Our Labour Party has lost 90,000 members over the past year. The party’s statements revealed that the number of Labour members fell by 17.4% from 523,332 in 2020 to 432,213 at the end of 2021.
Although our current membership is well below its recent peak of 575,000 in July 2017, it remains a great deal higher than the 201,000 members we had going into the 2015 General Election.
Apparently, “LabourList understands that the fall in membership is in line with the usual trend experienced between elections,” but this understanding is simply not borne out by the data as reported by the Party to the Electoral Commission;
Table 1: Labour Party Membership, 2010-2021
Membership at 31/12
Annual percentage change
In the two years after losing the 2010 General Election we lost fewer than 6000 members, which was less than 3%. In the period after losing the 2015 General Election our membership increased massively, as a result of the two leadership elections won by Jeremy Corbyn. During 2018, the year after we lost the 2017 General Election, our membership did fall by a little more than 45,000 (8%). However, in the two years since we lost the 2019 General Election we have lost almost 100,000 members (18.76%).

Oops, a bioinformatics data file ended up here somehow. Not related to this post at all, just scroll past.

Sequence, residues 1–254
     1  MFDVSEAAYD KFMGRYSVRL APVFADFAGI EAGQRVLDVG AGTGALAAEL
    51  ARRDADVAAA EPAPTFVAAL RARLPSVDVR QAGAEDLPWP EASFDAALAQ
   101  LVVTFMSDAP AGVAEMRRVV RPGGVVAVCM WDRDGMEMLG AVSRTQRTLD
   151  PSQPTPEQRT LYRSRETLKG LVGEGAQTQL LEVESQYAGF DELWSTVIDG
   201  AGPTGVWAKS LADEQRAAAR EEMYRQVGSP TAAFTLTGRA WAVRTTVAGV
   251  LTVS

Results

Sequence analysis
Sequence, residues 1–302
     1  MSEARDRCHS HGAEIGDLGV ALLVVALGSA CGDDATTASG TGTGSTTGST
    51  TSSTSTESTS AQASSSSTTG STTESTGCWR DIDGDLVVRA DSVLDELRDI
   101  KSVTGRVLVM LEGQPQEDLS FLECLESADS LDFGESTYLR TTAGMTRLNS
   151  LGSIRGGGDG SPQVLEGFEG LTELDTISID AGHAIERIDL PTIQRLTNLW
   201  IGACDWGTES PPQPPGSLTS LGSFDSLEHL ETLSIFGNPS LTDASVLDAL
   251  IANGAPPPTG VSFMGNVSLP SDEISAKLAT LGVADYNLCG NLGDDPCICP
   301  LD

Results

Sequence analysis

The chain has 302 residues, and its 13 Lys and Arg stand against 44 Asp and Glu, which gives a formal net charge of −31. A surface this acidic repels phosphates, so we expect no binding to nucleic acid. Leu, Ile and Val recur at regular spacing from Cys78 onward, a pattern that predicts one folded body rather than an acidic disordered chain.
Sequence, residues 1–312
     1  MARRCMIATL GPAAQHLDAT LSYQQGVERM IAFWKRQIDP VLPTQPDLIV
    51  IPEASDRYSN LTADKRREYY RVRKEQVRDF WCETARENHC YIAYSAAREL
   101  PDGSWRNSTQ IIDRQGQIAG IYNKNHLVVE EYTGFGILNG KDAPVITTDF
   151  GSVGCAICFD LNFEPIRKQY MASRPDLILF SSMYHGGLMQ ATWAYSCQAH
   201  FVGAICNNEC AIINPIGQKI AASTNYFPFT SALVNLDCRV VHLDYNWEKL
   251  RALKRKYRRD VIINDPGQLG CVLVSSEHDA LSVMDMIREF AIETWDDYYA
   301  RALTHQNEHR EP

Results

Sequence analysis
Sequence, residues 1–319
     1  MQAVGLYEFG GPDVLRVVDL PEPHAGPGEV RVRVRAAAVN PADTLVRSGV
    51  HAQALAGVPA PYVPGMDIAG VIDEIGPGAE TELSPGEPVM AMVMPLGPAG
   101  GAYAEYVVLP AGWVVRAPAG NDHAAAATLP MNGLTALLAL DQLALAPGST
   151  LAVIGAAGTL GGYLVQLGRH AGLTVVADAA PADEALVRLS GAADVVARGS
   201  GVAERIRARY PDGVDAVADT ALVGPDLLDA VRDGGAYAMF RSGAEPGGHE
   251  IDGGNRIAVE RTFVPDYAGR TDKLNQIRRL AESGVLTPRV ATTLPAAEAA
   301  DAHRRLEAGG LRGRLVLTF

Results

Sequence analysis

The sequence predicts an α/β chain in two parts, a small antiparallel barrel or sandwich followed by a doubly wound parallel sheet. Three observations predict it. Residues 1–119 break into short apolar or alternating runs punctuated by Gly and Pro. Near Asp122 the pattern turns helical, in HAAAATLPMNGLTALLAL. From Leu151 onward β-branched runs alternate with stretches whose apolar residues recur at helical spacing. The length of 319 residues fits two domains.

Quite how LabourList can conclude that the catastrophic decline in party membership in 2021 is normal in a period between elections is difficult to work out. I guess it must be the combined effect of lazy journalism and disingenuous sources.
Another way of looking at this data is to say that Ed Miliband held the membership of our party steady, Jeremy Corbyn massively increased our membership and Kier Starmer has overseen continuous decline.
Tomorrow, I will think a bit about the political implications of these statistics.